Editor’s note: Paul Antonopoulos is managing editor of Fort Russ News, director of the newly-established Center for Research on Multipolarity and a research fellow at the Center for Syncretic Studies. The article reflects the author’s opinions, and not necessarily the views of CGTN.
Syrian President Bashar al-Assad in an interview with Chinese media, Phoenix Television, on Monday announced that Syria was secure enough to be ready to join the Belt and Road Initiative (BRI), a prospect that will rapidly transform the destroyed country and put it on the path of recovery after nearly a decade of war.
Assad explained in the interview that “there are mutual interests, it is beneficial to China, Syria and all the countries on this Road.” Although the advantages of the Syria participating BRI are obvious – reconstruction – what advantage does China get from connecting the Arab country with its economic and transportation network?
Syria is strategically placed at the crossroads of oil and gas pipelines that connect resource fields in the Arabian Peninsula, the Persian Gulf and Iran with European markets, and on a wider scale is located on the crossroads between Africa, Europe, the Caucasus and Central Asia.
Assad identified the strategic position of Syria as a hub for pipelines as early as 2009 when he unveiled a “Four Seas” policy that hoped to create a unified economic bloc between Syria, Iraq, Turkey and Iran, thereby linking the Mediterranean Sea, Caspian Sea, Black Sea and Persian Gulf into one economic bloc.
File photo of Syrian President Bashar al-Assad. /Reuters Photo
However, the establishment of a successful economic nexus between these states would threaten the U.S. hegemonic plan for the region, a motivating factor for its backing of anti-government extremists when the Syrian War broke out in 2011.
China has consistently supported Syria diplomatically and economically during this difficult war and now that the reconstruction process is about to begin, Assad revealed that several Chinese companies are ready to participate but are afraid of a possible negative effect of the sanctions.
According to Assad, certain formulas have been found to circumvent U.S. sanctions imposed on Syria, which will allow foreign companies to do business in Syria. Although Syria has already proposed six infrastructural projects to China that could become part of the BRI, as Assad revealed in the interview, Syria is waiting for the Chinese government to determine which projects are in line with their thinking.
Adding Syria into the BRI means that China can now strategically place itself to rejuvenate the “Four Seas” initiative and allow further connection of trade and transportation networks with Turkey, Lebanon, Iraq, Iran and Jordan, while having easier access to the oil rich Arabian Peninsula, and promote stability and cooperation between these competing countries. Most of the oil produced in the Middle East is destined for East Asia, effectively meaning China has a strong interest to promote stability in the region.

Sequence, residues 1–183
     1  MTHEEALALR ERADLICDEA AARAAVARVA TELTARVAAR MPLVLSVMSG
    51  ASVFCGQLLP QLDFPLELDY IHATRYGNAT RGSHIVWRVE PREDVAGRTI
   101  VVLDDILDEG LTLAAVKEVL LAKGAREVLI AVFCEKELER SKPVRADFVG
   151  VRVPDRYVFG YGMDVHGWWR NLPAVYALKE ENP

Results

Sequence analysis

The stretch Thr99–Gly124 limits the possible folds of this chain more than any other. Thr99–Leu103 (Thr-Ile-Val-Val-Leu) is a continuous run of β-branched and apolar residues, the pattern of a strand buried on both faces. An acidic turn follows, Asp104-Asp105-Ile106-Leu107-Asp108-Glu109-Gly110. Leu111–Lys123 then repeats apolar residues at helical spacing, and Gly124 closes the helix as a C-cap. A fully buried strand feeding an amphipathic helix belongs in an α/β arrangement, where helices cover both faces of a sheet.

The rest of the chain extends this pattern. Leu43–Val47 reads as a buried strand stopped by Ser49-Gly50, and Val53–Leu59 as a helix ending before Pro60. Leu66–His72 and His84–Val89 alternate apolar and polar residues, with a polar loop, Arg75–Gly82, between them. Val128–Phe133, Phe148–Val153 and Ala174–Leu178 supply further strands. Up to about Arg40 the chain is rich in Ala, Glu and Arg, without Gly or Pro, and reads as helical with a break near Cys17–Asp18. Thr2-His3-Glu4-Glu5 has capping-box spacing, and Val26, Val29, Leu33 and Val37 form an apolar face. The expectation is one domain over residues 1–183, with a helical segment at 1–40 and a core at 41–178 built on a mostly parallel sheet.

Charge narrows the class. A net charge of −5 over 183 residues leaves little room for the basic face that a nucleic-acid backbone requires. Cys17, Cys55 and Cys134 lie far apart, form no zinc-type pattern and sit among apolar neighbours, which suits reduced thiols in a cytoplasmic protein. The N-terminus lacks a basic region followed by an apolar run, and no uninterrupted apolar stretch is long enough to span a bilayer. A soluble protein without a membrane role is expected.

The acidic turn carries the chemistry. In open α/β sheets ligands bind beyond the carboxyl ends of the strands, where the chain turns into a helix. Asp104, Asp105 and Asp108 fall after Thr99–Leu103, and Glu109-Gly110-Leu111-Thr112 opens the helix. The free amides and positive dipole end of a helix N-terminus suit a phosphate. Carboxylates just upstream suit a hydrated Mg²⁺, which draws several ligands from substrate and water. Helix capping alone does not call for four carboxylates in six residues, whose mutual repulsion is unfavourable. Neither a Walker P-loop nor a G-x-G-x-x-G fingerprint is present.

The United Nations estimated that the total restoration of Syria will cost about 260 billion U.S. dollars, creating opportunities for China to engage in reconstruction projects. The European Union and U.S. have diplomatically, economically and militarily challenged Assad and they will not be welcomed in the reconstruction of Syria. China however has identified the port of Tripoli in neighboring Lebanon, only 35 kilometers from the Syrian border, as the logistics center for the reconstruction of Syria.
China Harbor Engineering Company has been significantly investing into the port since 2012. This now allows China to connect the Eastern Mediterranean region with the BRI. To connect with the Lebanese port, China plans to build a railway line between Tripoli and the Syrian city of Homs, a corridor that Beijing needs to reduce transportation times and avoid having to transit the Suez Canal.
China and Syria have also signed cooperation agreements on trade issues and more than 200 Chinese companies participated last summer at the international trade fair in Damascus. In addition, China has granted 2 billion U.S. dollars to invest in Syrian industry and an additional 23 billion U.S. dollars through the Cooperation Forum between China and the Arab States.
This is in addition the National Petroleum Corporation of China (CNPC) becoming the shareholder of two of Syria’s largest oil companies: the Syrian Oil Company and Al-Furat Petroleum. Beyond the economic issue, Beijing has invested in social projects in Syria such as the delivery of 800 electric transformers and has even trained the Syrian national basketball team in Beijing.
Although Syria has not formally joined the BRI, initiatives to integrate Syria into the network is already beginning. As the war has entered its final phase, Chinese investments and interests will only increase as Syria, an important center on the historic Silk Road, is strategically placed to further connect the BRI with the region and is also a hub for energy transportation, something of great interest to China.
For Syria and its approximately 260 billion U.S. dollars it needs for reconstruction, it will rely on its Iranian and Russian friends, but most importantly, on China. Syria effectively needs the BRI for recovery just as much as the BRI needs Syria to connect with the region.